June 10, 2015
Survival: The first two days on the desert
The sun had been climbing it’s ladder into the soft sea of pink and violet that the June morning sky had painted not long before I gently hit the door to the trunk of my mom’s silver Jeta shut. The songbirds were delighting in the warm light being poured out about the countryside, ignoring my rude interruption, and carrying on with their praises.
The sweet corn, nearly six inches above the soil was filling the air with honey as light hit it, and the dew was glittering in the grass.
I took a second to enjoy my last moments in the Willamette Valley, and climbed inside the driver’s seat. Mom soon joined me with two thermoses of caramel ameretti tea, but I waited until we had pulled out of the driveway and long-since passed the sweet corn fields, savoring the taste as long as I could.
It was bittersweet, leaving home, and friends, and what most people call summer, but I had been secretly counting down to this day for months.
I was heading back to my six-generation family farm to spend the next four months working for my two big brothers. My family grows alfalfa hay and cattle in Fort Rock, Ore. My primary job on the farm is cooking for the work crew, but I also do the housekeeping, keep the yard up and do some tractor-driving here and there. This is my third summer working this job, so I knew what to expect.
This summer the work crew consists of my brothers Daniel, 22, and Andrew, 20, who run the farm, my cousin Samantha, 20, from Sweet Home, Darren Heller, 20, from Portland area, and Bill Linquest, 21, who manages the cattle.
Fort Rock is one of three tiny little towns in North Lake, a community about 80 miles South of Bend, supporting about 1,500 people in a 60 mile radius. The only town between Bend and Fort Rock is La Pine, which has a population of about 2,000, meaning the stores are few and limited. People from Fort Rock area go to Bend for just about all their shopping needs.
Last summer I fed 6 boys in their twenties, and I’ll tell you what, they went through a lot of food. Knowing that the only groceries in the house would be canned beans and boxed mac & cheese, we stopped in Bend to buy some actual food. I knew it was going to take a few days to figure out how much my new work crew would eat, but we stuffed the car completely full, and peering over boxes of tomatoes and a 25 pound sack of flour, headed for the farm, arriving about two hours later.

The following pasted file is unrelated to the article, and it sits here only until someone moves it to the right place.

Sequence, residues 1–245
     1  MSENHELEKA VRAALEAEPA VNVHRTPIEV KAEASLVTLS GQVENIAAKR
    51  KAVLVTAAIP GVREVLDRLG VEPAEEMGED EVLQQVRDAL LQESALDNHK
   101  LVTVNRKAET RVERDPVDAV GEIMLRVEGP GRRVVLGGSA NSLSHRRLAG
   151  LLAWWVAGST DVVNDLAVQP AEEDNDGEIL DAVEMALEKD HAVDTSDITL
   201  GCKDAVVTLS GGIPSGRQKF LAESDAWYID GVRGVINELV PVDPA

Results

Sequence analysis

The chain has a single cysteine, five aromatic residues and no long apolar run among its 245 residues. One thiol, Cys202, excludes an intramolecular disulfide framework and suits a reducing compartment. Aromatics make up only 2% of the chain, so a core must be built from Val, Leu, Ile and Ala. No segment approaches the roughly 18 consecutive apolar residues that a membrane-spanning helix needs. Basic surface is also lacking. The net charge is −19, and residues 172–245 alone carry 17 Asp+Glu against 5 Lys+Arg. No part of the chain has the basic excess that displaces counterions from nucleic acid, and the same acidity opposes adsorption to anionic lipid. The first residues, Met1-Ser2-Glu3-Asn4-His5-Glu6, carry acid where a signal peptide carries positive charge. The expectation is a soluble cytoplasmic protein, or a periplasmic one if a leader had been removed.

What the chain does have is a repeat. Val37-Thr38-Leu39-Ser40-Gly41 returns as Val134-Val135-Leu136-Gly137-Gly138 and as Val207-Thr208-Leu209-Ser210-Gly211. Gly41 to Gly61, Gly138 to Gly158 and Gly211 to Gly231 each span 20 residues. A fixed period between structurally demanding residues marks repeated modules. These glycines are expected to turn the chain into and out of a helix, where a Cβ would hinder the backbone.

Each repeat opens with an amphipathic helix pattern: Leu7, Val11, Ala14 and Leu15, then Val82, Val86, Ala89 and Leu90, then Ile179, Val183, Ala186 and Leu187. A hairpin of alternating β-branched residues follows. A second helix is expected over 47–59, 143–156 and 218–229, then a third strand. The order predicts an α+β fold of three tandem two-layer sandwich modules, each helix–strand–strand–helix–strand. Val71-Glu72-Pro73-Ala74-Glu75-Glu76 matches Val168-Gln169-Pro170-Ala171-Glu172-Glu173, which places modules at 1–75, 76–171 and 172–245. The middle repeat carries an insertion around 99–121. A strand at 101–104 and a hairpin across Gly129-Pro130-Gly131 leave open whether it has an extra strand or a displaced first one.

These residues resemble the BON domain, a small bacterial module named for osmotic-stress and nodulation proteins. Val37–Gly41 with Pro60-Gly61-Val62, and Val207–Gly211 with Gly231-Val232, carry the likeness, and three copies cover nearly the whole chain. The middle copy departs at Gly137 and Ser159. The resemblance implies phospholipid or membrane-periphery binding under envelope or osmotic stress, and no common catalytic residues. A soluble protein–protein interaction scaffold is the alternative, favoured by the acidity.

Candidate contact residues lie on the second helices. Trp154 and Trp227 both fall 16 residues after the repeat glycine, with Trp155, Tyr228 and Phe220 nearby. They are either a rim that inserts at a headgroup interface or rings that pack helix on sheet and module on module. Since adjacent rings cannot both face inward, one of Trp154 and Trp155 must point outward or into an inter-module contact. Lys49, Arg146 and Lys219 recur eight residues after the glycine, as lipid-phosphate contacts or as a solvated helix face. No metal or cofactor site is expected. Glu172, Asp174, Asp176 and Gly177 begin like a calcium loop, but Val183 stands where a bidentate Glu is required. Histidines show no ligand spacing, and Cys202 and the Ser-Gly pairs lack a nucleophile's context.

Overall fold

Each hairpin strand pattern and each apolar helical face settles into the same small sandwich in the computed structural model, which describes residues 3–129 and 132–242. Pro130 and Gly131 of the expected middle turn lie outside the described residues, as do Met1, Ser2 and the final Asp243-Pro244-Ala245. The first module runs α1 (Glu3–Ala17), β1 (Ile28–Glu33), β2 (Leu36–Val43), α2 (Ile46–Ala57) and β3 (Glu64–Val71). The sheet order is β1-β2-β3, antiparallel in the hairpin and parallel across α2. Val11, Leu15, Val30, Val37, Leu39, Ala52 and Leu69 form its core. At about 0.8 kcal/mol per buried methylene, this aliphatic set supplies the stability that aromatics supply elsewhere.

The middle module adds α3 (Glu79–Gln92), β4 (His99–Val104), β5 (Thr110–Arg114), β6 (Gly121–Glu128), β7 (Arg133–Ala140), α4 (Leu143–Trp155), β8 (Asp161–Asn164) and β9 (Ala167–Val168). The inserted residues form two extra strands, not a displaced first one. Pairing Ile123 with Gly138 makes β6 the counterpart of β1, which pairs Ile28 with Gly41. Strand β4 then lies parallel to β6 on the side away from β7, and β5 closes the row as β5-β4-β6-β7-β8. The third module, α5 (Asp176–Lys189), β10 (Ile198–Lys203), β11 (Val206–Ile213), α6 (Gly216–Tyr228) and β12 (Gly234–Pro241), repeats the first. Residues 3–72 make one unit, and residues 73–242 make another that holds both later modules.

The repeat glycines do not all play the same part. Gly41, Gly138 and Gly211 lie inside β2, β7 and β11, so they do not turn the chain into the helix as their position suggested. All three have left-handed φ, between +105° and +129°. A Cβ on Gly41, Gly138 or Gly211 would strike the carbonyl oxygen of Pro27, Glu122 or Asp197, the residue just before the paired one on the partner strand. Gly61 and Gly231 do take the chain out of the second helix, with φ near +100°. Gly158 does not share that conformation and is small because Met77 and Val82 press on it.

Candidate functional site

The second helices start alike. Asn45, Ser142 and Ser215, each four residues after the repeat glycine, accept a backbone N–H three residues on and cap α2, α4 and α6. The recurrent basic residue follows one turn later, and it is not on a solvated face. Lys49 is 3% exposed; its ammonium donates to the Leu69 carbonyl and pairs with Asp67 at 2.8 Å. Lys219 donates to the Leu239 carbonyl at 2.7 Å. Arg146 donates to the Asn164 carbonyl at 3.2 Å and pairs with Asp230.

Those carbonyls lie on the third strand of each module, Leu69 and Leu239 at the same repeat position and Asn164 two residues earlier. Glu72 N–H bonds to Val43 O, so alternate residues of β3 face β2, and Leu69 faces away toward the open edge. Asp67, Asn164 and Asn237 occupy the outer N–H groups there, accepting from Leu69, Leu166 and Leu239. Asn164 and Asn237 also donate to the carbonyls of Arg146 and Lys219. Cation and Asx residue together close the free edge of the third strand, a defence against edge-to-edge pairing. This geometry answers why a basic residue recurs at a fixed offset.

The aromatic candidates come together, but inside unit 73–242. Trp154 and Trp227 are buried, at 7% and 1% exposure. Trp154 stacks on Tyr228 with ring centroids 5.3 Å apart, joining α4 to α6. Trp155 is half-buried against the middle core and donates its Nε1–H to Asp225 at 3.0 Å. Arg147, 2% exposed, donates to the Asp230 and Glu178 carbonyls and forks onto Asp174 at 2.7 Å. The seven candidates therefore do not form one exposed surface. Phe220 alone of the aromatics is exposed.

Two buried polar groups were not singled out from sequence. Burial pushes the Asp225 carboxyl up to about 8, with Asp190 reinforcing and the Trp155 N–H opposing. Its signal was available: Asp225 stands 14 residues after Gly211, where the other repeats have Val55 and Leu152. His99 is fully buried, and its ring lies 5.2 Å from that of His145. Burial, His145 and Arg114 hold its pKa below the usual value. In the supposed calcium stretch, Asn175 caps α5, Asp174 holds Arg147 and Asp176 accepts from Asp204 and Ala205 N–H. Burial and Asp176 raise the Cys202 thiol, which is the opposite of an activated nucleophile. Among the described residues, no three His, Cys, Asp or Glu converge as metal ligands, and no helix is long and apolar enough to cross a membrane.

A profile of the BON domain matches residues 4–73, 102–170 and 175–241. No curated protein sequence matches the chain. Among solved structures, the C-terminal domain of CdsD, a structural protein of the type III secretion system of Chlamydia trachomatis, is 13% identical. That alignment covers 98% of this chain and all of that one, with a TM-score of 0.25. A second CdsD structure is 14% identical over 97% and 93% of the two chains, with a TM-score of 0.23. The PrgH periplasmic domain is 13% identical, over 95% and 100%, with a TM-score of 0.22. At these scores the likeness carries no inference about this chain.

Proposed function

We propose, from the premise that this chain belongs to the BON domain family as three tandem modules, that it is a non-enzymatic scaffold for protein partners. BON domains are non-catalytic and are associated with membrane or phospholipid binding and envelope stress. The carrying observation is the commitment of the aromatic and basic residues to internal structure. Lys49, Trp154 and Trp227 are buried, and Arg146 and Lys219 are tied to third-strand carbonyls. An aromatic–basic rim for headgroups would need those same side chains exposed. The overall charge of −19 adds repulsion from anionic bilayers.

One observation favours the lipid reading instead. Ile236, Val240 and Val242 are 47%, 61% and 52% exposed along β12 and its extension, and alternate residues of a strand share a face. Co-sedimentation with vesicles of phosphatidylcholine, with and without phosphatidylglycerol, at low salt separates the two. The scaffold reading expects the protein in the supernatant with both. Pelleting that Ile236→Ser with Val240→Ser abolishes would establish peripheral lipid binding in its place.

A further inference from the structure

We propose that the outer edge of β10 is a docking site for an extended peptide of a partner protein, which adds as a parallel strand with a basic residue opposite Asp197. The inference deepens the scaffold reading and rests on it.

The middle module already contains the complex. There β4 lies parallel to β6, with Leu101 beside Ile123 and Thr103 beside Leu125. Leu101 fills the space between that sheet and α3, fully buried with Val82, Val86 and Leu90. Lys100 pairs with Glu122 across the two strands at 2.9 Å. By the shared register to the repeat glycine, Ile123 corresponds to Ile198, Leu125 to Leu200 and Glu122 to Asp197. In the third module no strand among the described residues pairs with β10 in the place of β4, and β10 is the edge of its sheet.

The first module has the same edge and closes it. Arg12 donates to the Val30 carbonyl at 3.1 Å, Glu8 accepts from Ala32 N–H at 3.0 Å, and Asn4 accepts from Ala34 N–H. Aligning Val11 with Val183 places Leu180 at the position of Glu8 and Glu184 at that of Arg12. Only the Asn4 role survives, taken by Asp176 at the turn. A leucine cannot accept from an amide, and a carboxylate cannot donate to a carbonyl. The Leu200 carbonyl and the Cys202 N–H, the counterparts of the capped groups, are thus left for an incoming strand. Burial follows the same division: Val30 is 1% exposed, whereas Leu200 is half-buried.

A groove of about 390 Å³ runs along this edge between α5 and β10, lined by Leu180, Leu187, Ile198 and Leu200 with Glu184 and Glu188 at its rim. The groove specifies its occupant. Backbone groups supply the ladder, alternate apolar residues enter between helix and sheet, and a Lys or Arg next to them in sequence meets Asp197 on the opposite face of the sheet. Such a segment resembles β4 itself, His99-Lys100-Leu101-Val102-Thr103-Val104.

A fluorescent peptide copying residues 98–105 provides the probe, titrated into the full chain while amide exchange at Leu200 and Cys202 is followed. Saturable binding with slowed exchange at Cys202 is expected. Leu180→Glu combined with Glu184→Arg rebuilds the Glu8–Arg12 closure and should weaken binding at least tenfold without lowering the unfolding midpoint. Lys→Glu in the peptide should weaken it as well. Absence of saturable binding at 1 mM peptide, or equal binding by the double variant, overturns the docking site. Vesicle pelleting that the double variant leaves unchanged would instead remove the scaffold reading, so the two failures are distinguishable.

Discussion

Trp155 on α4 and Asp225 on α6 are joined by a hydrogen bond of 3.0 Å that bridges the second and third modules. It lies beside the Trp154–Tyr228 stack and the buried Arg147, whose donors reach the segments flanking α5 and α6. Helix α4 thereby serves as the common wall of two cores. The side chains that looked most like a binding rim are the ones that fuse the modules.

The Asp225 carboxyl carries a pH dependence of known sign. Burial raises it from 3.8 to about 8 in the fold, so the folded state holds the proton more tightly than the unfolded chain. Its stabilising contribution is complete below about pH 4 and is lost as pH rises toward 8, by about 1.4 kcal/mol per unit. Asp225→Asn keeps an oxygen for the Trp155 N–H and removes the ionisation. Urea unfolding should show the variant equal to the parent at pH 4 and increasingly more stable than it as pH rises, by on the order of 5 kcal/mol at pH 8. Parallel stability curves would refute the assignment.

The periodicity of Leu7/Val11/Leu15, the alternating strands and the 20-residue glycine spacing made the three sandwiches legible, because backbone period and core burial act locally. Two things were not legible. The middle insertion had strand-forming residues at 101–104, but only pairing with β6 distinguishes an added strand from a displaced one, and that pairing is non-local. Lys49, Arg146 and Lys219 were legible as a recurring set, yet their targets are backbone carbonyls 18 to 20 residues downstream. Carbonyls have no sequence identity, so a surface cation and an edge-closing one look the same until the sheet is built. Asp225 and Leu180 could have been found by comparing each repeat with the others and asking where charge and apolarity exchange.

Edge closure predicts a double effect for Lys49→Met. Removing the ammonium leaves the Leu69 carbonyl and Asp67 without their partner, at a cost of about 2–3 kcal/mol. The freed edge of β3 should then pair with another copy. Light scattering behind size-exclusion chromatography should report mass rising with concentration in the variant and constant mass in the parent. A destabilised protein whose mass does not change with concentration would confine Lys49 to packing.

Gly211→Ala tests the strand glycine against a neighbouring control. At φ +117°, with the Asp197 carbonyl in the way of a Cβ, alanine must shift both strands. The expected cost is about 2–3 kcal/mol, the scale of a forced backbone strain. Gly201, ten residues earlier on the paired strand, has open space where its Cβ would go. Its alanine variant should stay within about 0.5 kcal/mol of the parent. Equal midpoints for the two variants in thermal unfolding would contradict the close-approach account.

My oldest brother, Daniel, lives by himself in the farm house eight months out of the year, so you can imagine keeping the place tidy is not on the top of his priorities list...
When we first pulled in, the yard was dry and the grass came well up to my knees. The flowers I had planted last summer had been choked out with weeds and I could see where a winter storm had blown one of the trees my great-grandmother planted right into the yard, barely grazing the back porch.
As we were unloading the groceries I waited through a mass of dirty clothes, pots and pans, and anything else a 22-year-old bachelor brother might have laying about. By the time we had everything unloaded, I felt like a nap was well in order, but of course there was more on the agenda!
A few weeks ago I celebrated my sixteenth birthday. I had a year of driving under my belt and a cute red Ford Focus purchased, but there was one thing left: my drivers license!
Soon enough we were back on the road to my great-uncle Roger’s house in Lakeview, another two and a half hours from Fort Rock, to spend the night so I could take my driver’s test the next morning.
At 8:20 a.m. I pulled into the DMV, and by 10am, I was already halfway to the farm with my cheesy-grin printed on a little card. I passed the test! We got back to the farm, unloaded the last of my things, and mom headed back home to the Willamette Valley.
The smell of sweet corn was long gone, and in its place were the mysterious odors emanating from a half-eaten, mold-encrusted, pan of spaghetti that had been sitting there for who knows how long. Was it moving? I tried not to look too closely.
I spent the rest of the day getting the kitchen cleaned and organized. It turns out that the spaghetti-pan wasn't the only source of stench. When I reached under the sink for the garbage, the hairs on the back of my neck stood on end as a thick wave of that same fermented blend drifted around me like a cloud, accompanied by a musky presence of rat urine, followed by a few little pellets rolling out onto the floor.
I took a deep breath (through the mouth, through my shirt), and went straight for the bleach.
Once I felt like I had a sanitary(er) working space, I was able to get dinner going.
The crew came in for supper around eight, I washed up, and hit the hay by 10:30. I had survived my first day on the farm, and thoroughly enjoyed myself in doing so.
I set my alarm for 5:30 a.m., said my prayers, and excitedly welcomed the next day’s adventures to come. It felt good to be home.